Reese Witherspoon knows what it means to be Type A. As the overachieving Tracy Flick in 1999’s Election and the perfectionist sorority president turned law student Elle Woods in 2001’s Legally Blonde, the Academy Award-wining actress has pretty much come to embody the title. It’s only fitting that Witherspoon’s fledgling co-production company chose to take the same name.

Type A’s first independent film, Penelope, is a charming Beauty and the Beast-meets-Shrek fairytale that makes it impossible to leave the theater feeling unhappy. Christina Ricci stars as Penelope, the cursed daughter of a blueblood family who must live with a pig snout until someone loves her just the way she is.

Witherspoon chose the script, along with co-producer Jennifer Simpson, because of its ability to inspire young women and provide a female character that defies the traditional standard of beauty.

Witherspoon comments, “It was a wonderful, fantastic cinematic movie, but also at the center of it, it had a great female character that was strong and ambitious, but definitely had a journey to get to the place where she would find herself.”

Although Witherspoon contemplated starring in the lead role, she was tied up in other commitments, and the movie had to go forward. This gave Witherspoon a refreshing opportunity – to play a supporting character that is anything but Type A.

The hardest part about playing Annie, a fast-talking, beer-guzzling broad wasn’t that Witherspoon had to channel her tough side, but that she had to figure out how, at 5-feet, 2-inches, to ride a Vespa. Producing also has its difficulties, especially when dealing with an inspirational film that, if edited improperly, could send the audience the wrong message.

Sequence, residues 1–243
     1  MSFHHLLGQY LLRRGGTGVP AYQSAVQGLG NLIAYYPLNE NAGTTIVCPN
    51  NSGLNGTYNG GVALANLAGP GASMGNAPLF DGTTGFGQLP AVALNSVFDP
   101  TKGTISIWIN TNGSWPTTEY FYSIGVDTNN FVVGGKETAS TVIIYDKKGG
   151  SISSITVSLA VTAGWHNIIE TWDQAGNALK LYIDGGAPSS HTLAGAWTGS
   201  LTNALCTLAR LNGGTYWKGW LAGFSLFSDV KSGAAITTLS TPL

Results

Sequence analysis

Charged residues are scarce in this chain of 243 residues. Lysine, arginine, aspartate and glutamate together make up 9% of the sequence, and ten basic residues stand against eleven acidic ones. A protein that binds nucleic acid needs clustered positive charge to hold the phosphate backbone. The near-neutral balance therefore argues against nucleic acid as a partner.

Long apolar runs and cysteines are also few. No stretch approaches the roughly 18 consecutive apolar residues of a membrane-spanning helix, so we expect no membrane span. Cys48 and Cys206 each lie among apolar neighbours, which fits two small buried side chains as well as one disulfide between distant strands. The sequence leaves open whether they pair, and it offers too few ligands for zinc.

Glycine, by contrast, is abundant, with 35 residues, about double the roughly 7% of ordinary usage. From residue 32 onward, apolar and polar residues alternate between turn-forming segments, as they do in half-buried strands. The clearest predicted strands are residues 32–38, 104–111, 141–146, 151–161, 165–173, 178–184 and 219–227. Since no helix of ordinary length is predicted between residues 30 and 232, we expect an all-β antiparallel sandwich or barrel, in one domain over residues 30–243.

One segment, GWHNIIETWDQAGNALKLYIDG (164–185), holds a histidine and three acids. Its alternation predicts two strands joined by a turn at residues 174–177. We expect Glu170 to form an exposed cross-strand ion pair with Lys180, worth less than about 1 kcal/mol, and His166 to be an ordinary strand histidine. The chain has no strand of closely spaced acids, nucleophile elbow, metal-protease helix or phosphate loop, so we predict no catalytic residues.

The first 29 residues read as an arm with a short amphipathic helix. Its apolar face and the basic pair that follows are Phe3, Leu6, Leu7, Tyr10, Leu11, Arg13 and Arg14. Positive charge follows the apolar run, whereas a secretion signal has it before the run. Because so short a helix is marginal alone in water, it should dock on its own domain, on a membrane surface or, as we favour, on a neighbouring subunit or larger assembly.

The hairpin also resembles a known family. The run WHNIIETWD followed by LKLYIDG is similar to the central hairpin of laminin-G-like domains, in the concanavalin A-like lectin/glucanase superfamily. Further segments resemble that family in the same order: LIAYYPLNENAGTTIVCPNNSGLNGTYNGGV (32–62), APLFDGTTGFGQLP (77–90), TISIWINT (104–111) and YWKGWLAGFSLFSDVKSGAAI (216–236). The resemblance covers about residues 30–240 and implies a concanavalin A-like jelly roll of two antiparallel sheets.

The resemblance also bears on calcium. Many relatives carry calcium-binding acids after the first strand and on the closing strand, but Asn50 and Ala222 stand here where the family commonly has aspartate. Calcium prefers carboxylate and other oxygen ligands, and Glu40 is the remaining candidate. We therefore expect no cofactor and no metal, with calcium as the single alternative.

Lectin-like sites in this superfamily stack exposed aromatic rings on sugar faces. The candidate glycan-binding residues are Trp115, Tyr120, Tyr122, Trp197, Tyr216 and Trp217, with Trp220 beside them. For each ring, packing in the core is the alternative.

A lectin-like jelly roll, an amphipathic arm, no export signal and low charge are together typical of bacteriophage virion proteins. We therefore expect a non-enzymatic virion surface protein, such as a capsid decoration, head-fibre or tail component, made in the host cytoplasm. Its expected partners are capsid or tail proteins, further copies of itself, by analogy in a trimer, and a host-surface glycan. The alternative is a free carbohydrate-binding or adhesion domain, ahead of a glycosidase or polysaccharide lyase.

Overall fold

“We were very particular with the editing and the script about her not having a miraculous change. [Penelope’s] acceptance comes before her physical change, so really she has to accept herself first as who she is and what’s great about herself before her body physically changes,” she says.

Ricci was always Witherspoon’s first choice to play Penelope, and the actress jumped at the opportunity to play such an original, multifaceted character. Casting James McAvoy as Max, Penelope’s wayward love interest, was a different story. Witherspoon hadn’t heard of McAvoy at the time, but Simpson showed her some of his work, and the duo quickly snatched him up. Now that he has garnered acclaim with his roles in The Last King of Scotland and Atonement, Witherspoon jokes, “I got him when he was cheap.”

From producing Penelope, Witherspoon now moves to another challenging feat – starring opposite the painstakingly witty Vince Vaughn in the soon-to-be holiday classic Four Christmases.

Whether starring opposite the not-so-PC Vaughn or producing the tween-friendly Penelope, Witherspoon proves that she can do it all – and well, like only those Type As can.

Penelope releases in theaters Feb. 29.